Judy Hegarty Lovett of Gare St Lazare tells Marjorie Brennan about the Corkonian company’s journey into the musical mind of Samuel Beckett.
Fans of Samuel Beckett have been spoiled for choice in the last few months, with Gare St Lazare Players’ adaptation of the author’s novel How It Is (Part 1) receiving rave reviews and Druid’s touring production of Waiting for Godot also drawing the crowds.
With barely time to draw breath, Gare St Lazare are back touring with Here All Night, described as a hypnotic journey into the musical mind of Beckett.
The show is an original collaboration fusing theatre, music and visual art, and features actor and Gare St Lazare founder Conor Lovett, musician Caoimhín O’Raghallaigh, soprano Melanie Pappenheim, and a stage set by artist Brian O’Doherty (formerly Patrick Ireland).
The show receives its Irish premiere at the Abbey Theatre in Dublin tomorrow, and will also tour to various venues, including the Everyman in Cork on Monday, April 23.
MB: You must have been happy with the response to How It Is?
JHL: We were thrilled, because it’s an unusual piece, so we weren’t quite sure how it would be received — but it was really well-received and the audience seemed to really appreciate it.
Stephen Dillane [Game of Thrones, etc] seemed to really enjoy the experience too…
Big time, and he’s on board with us for the next few years; we intend to make parts two and three over the next three years. Both Stephen and Mel [Mercier, sound designer] are with us for that. They are both very committed, which is brilliant.
There has been no shortage of Beckett productions for Irish audiences to enjoy recently. Why do you think his work is still so popular?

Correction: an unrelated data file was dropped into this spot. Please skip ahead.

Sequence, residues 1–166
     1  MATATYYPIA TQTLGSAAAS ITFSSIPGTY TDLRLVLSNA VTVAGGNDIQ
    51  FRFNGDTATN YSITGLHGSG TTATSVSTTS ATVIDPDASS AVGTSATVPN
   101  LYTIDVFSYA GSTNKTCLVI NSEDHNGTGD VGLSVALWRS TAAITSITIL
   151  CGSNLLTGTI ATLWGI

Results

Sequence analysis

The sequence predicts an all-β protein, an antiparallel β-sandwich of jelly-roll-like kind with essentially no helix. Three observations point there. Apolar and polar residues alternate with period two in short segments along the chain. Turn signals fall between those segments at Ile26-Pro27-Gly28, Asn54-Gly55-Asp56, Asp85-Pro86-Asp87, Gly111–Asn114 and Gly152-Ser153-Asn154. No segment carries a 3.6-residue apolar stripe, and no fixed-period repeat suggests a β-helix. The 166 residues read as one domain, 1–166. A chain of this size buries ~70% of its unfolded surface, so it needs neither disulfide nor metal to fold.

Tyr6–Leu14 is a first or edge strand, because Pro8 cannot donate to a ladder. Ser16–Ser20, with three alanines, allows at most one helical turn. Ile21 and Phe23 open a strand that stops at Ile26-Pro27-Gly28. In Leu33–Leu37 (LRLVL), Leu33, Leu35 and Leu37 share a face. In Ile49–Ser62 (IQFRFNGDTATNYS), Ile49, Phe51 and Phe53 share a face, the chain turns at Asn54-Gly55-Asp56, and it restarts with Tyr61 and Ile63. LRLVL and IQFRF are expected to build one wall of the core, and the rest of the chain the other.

I think he transcends time. I’d say people will still be going to see Beckett for many years to come, which is testament to this writing and to his international reach. His work is not specific to any place or time, it really speaks to a bigger audience, worldwide, and we really have found that out in concrete terms by touring internationally over the last 20 years — in India, South Africa, China, Australia, America. We know his work is as appreciated there as it is at home. Beckett speaks to all people and for all times.
Tell us about Here All Night, how did the concept come about?
We’ve been working on it over many years — its first outing was 2011 at the Brighton Festival. It began when Paul Clark [composer] did the music when RTÉ asked us to do all Beckett’s radio plays in 2006 as part of the centenary celebrations. Paul, myself, Conor and Caoimhín Ó Raghallaigh have been on board from the start. At that time we discussed the music references across Beckett’s writings, saying it would be great to put those together and to make an event out if it.
We’ve had to develop it as we’ve gone along, we never gave it one solid rehearsal, and in a way it’s benefitted from that because over the years we’ve watched it play in various venues, seen what it needs and brought in the necessary additions. Rather than imposing something from the beginning, we watched and learned from it.
It is very much a collaborative project, which reflects Gare St Lazare’s ethos in general…
Our newest addition is John Scott who we brought in to do choreography. We also have our choir of six women, who are all travelling from Boston and New York — they are fantastic collaborators and very skilled singers. It sounds fantastic and it’s a brilliant piece of work.
We are also collaborating with Brian O’Doherty; there’s a big focus on his work in Cork and at the Sirius Arts Centre in April, so we’re thrilled to coincide with that celebration. We have one of his installations as part of our set, which is a wonderful addition to the work, it gives a central focus and also is cross- disciplinary, it’s a first time for us handling an artwork, which is very different from using a set.